Tim Cook says Apple iPhone Misses Sales Target By 5 Billion Dollars
Yesterday we saw a rare announcement come out of Apple as CEO Tim Cook published a letter to Apple Investors to revise its guidance for Q1 earnings in 2019. The letter states that Apple is now expected lower revenue from key products that it initially projected over the holiday season.
Tim Cook points our that ongoing struggles in China with the foreign exchange have impacted Apple’s revenue.
"While Greater China and other emerging markets accounted for the vast majority of the year-over-year iPhone revenue decline, in some developed markets, iPhone upgrades also were not as strong as we thought they would be. While macroeconomic challenges in some markets were a key contributor to this trend, we believe there are other factors broadly impacting our iPhone performance, including consumers adapting to a world with fewer carrier subsidies, US dollar strength-related price increases, and some customers taking advantage of significantly reduced pricing for iPhone battery replacements." - Tim Cook, Apple CEO
Overall Apple is expected to make 5 Billion Dollars less than it initially predicted and 4 Billion less than last years Q1.
The one good point to pull from this announcement appears to be that iPhone activations in Canada, and the USA set new Christmas Day records suggesting that the iPhone was still a hot holiday gift in North America.
“We expect to set all-time revenue records in key markets including the US, Canada and Mexico, Western European countries including Germany and Italy, and countries across the Asia-Pacific region like Korea and Vietnam.”
Tim Cook even appeared on CNBC to talk about the shortfall.
EXCLUSIVE: After cutting Q1 expectations, Apple CEO Tim Cook tells CNBC that the shortfall is primarily in Greater China as trade tensions put pressure on the Chinese economy https://t.co/iOf79ebo17 pic.twitter.com/Lm7Wyp1VOX— CNBC Now (@CNBCnow) January 2, 2019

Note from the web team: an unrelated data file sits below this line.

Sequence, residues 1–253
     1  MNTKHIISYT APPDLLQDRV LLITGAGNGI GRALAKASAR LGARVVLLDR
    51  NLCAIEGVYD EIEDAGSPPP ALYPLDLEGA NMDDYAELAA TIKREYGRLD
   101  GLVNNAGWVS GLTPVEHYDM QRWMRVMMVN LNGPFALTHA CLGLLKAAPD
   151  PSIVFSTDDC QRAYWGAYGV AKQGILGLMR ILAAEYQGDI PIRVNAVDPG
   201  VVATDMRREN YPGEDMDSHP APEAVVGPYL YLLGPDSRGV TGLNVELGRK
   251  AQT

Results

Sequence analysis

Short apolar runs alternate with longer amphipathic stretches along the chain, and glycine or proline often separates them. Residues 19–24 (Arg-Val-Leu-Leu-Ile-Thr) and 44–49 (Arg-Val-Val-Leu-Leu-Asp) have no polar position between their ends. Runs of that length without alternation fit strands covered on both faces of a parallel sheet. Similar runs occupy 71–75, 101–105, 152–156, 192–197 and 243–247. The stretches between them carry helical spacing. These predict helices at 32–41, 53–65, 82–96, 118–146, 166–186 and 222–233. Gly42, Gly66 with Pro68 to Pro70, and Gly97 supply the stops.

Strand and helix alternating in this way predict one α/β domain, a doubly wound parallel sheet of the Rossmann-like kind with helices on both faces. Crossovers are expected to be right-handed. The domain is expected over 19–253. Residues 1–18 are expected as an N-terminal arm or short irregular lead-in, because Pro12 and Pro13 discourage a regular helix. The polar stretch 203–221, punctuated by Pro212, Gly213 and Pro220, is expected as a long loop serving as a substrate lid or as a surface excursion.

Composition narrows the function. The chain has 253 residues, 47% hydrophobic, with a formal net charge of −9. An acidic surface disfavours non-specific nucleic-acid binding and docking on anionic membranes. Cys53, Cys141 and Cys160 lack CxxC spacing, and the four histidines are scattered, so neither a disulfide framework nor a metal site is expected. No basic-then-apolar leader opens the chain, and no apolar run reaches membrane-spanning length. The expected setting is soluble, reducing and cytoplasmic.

This announcement is a very uncharacteristic move for Apple, we haven't seen the company miss its targets in this manner since 2013, but there are many factors that could have lead to this outcome.
Last year Apple raised the prices for all their iPhone models making it more difficult for users to afford the upgrade.
After the release of the iPhone X, many users didn't find it necessary to update to this year's models since the difference in features was very low.
The last big reason could be that the smartphone market is utterly saturated. Most users interested in a smartphone already own one and are less likely to upgrade to a newer model.
Overall it will be interesting to see how Apple responds to all this. I expect them to possibly lower prices on their 2019 iPhone line and maybe re-introduce lower cost models like the iPhone SE. We may also see Apple take a more aggressive stance in changing the iPhone every 1 to 2 years like they used to do with the iPod line. Introducing new colours every year could incentivize users to upgrade.